in the past i have always had a dog along when sleeping out but the pawprints left by Kip when she passed on July 19th, 2010 still haven't been filled so the precaution above [given the lack of canine company] was a simply sensible thing to do. you never know.

it turned out to be a splendid night, initially enlivened by lightning displays around the horizon and then beautifully clear with a myriad shooting stars, including one that seemed almost a Min Min light, bright green and travelling horizontally about 10 degrees above the northern horizon.

and then a couple of hours before dawn the moon rose in the east, cunningly disguised as a big slice of candied orange. at one point a tiny passing bat grazed my cheek with its wing as it flipped by, casually disposing of a mosquito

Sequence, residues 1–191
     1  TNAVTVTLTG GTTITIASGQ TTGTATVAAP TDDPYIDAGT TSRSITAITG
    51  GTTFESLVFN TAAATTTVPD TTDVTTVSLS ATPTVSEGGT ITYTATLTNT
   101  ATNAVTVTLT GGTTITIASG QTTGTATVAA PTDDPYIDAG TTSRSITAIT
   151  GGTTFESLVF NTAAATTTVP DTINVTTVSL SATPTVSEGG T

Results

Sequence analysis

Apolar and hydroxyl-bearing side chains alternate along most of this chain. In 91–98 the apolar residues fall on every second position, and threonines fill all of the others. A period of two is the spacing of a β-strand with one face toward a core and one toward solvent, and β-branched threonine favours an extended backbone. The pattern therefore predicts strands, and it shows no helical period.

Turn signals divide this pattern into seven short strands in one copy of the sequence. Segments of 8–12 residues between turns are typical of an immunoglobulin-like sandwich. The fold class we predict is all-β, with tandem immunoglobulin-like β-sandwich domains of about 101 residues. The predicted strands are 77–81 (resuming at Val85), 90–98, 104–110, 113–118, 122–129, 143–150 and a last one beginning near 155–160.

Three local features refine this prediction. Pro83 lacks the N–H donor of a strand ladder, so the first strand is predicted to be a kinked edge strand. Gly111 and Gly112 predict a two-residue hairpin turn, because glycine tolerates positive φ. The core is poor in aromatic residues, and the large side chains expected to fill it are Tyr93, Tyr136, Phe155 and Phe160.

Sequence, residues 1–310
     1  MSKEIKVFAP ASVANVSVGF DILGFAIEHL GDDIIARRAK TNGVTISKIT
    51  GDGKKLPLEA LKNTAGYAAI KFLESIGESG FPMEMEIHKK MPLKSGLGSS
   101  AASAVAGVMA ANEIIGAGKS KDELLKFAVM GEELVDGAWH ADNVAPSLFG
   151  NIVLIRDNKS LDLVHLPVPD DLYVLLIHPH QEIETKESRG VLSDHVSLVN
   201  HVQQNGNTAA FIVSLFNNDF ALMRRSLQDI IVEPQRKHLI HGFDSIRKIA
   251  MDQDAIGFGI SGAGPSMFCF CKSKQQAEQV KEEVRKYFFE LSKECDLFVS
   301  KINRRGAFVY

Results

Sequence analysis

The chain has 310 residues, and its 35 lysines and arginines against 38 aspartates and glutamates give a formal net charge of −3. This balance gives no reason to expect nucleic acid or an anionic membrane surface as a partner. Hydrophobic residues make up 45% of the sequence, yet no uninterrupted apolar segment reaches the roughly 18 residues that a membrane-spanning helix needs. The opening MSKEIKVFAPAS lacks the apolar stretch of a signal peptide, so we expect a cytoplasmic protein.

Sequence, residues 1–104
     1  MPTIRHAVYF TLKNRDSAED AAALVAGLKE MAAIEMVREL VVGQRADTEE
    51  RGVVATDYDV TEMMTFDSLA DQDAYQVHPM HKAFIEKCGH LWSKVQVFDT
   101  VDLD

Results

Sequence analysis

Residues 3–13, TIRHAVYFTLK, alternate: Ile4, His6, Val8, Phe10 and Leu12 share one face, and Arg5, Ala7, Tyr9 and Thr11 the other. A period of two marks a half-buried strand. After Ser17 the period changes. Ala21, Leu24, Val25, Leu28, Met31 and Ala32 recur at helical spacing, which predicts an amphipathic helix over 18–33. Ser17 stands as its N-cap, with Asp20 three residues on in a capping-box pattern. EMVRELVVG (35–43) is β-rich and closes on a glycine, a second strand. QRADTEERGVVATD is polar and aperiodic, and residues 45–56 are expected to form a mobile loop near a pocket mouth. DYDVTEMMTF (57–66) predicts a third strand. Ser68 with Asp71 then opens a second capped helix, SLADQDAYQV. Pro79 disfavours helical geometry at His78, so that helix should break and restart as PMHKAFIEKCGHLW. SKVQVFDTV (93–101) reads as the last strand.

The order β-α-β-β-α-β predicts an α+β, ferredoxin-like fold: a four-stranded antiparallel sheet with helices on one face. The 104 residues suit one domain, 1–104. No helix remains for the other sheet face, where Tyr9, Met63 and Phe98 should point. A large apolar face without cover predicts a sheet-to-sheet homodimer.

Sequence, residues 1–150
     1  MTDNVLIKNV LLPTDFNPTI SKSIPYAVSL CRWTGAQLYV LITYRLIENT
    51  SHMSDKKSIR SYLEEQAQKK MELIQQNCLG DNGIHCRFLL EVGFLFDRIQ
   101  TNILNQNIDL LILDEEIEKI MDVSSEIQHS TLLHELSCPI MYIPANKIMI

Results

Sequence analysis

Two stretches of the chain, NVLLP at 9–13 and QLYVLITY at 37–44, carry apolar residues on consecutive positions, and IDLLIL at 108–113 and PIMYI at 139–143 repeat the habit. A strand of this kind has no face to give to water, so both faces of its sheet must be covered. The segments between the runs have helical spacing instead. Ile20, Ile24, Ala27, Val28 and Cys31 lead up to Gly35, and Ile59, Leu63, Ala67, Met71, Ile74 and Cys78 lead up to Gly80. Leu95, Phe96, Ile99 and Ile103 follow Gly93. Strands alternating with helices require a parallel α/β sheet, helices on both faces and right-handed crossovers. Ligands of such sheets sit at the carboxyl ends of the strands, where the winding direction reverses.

i had brought a book to read and also a set of solar powered twinkle lights [they'd been charging up on the dash all day] to read by but i never so much as turned a page and after testing the lights, turned them off as well. 


it was such a luxury to have the time to watch the sun go down, see the stars appear and truly appreciate the slow transition from day into night, listening to the birds organising themselves for sleep, the brief concerto of singing insects and then the rich velvety silence of a desert night, so quiet that it seemed i could hear the passing stars
i'm pretty sure the shades of the seven lovely Dogs who have blessed my life were there as well 

in the morning, after a bit of yoga [that 33 year old swag doubles nicely as a yoga mat] i packed up and discovered i had not been alone after all

there were also "tail-drag" marks from a kangaroo who had visited in the night, maybe to ask me to stop snoring. i hadn't heard it at all.
 i headed off again, stopping for a musical interlude under a bridge just outside Broken Hill while it was still cool and before the flies got busy. i like the acoustics that big bridges offer.

i found that others had been there before me

oh yeah? well i had sax under the bridge. 
far less messy and i'm guessing it probably sounded better too.